Anal glands are two small sacs on either side of the anus. Each sac has a tiny hole close to the anus that contains fluid that is pushed out with the pressure of a bowel movement. This fluid coats the poop and has a very specific scent that identifies each dog. This is used to mark a dog’s territory.

Anal glands that are not expressed can become infected, impacted or cause an abscess to form.

Occasionally, not all the fluid is pushed out. When this happens, the anal gland(s) can become impacted, which is very uncomfortable. You will see the dog licking or biting at the anus or scooting across the floor in an attempt to relieve the impaction. Because these can also be symptoms of other conditions like worms or intestinal issues, it is best to seek advice from your vet if this is something that is new to your dog.

Some vets or groomers will offer to show you how to check and express the anal glands yourself, if that is something you would prefer to do. If you attempt to express the fluid and find that there is no impaction and the dog continues to show symptoms of discomfort, seek veterinary advice. There may be another cause for these symptoms that requires medical treatment.

What happens if impacted anal glands aren’t expressed?

WebMd states that when the fluid is left in the gland, it can become infected. The vet will have to drain the infection and the vet may prescribe antibiotics to clear the infection. Delaying expression could also cause an abscess to form. This may result in the need for surgery to remove the anal gland(s). This surgery has the potential to cause long term issues including incontinence.

Please follow and like us:

Heartworm in Dogs

A few weeks ago I got a call from one of my dog walking clients. She wanted to let me know that her dog was being treated for heartworm. I was familiar with the need to prevent heartworm in dogs, but had never encountered an infected dog. She explained that she had rescued her dog last summer so she didn’t know she had been infected at the time. There was no medical history provided when the dog was surrendered, so they did not know that the previous owner had not taken precautions to prevent the disease.

This post may contain affiliate links.  Although we may make a small commission it is at no cost to you.  See “Disclosure and Legal Things” section for complete details.

She went on to explain that the medical process was lengthy and that her dog would not be feeling up to par, so we would have to keep an eye on her for the next several months as she goes through the many steps involved in curing her.

I listened to what her needs were, followed the instructions with regards to her walks and any additional instructions that were required. So far, she seems to be doing well. There was a period of time where she had trouble eating, followed by some vomiting and some unusual fatigue, but overall, she is responding well, thankfully. Still, I had so many questions that I needed answered. I knew it was spread by mosquitoes, but how? She was a rescue from a professional agency. Why didn’t the agency catch this when they prepared her for adoption? How long and effective is the cure? How common is it? I decided to learn more.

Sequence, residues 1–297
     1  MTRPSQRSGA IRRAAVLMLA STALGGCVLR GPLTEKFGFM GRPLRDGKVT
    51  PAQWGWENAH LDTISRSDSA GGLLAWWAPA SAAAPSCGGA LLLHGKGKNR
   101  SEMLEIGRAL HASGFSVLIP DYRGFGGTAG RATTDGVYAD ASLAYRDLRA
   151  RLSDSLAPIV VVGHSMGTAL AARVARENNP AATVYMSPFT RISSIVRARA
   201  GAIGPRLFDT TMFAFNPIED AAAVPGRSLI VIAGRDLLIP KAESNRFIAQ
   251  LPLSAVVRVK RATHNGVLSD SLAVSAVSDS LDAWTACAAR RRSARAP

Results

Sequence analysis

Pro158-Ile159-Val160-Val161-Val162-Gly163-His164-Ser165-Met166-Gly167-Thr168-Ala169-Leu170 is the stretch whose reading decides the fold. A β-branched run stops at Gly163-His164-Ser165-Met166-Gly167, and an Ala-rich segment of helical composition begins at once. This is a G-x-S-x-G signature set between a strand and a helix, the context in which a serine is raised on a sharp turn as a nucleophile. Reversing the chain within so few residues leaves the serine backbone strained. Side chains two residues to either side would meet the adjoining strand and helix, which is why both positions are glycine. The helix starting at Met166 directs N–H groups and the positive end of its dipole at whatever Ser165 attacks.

How is it transmitted?

In short (and unpleasant) terms, a mosquito bites and infected dog and ingests the worm larvae. These worms grow inside the mosquito for about 2 weeks. At this time, if the mosquito bites another dog, it will regurgitate the ingested worms and some manage to crawl through the hole made by the bite. They then work their way into the dog’s blood stream. It takes up to 3 months before they are big enough and strong enough to break through a vein and land in the pulmonary artery (lung), where they multiply. It takes about 7 months for the worms to reach adulthood. An adult female can be approximately 15 inches and the male, approximately 5 inches. At this size they can reach the heart from the pulmonary artery. If the dog survives, the worms can live 5 to 7 years inside the body.

Heartworm in dogs will cause excessive fatigue with only mild exercise, coughing, loss of appetite and weight loss.

How is it detected?

Blood work to detect heartworm can only be used if the female worms have reached adulthood. At this stage they produce a protein in the blood that is detected by an antigen test. If the infection is still in the early stages, there would be no symptoms and no protein for antigen test to detect. This explains why a dog that was tested in rescue situation may go undetected. In this case, the dog had probably been infected only weeks before adoption. The symptoms, which include cough, becoming easily fatigued after mild exercise, loss of appetite and weight loss would not be apparent until long after the initial mosquito bite.

How is it cured?

The cure is a very long process; months, in fact. It begins with the dog being injected with a drug that kills the worms in the heart and vessels. Often, there are a series of injections. The first two are given a month apart and then two more over the following two days. During this time, as the worms die and decompose in the body, the dog will be given antibiotics to combat any infection that could arise. The dog may have a cough for several weeks afterward. The dog will also be given a drug to kill the baby worms that are beginning to grow in the body. Through most of this process, the dog is to be kept calm and have minimal to no exercise.

How common is Heartworm Infection in dogs?

According to Dwight Bowman, MS, PhD, 1 out of every 200 dogs is diagnosed as being infected with heartworm annually.

Sources:

https://www.dvm360.com/view/commentary-argument-year-round-heartworm-prevention-dogs

Please follow and like us: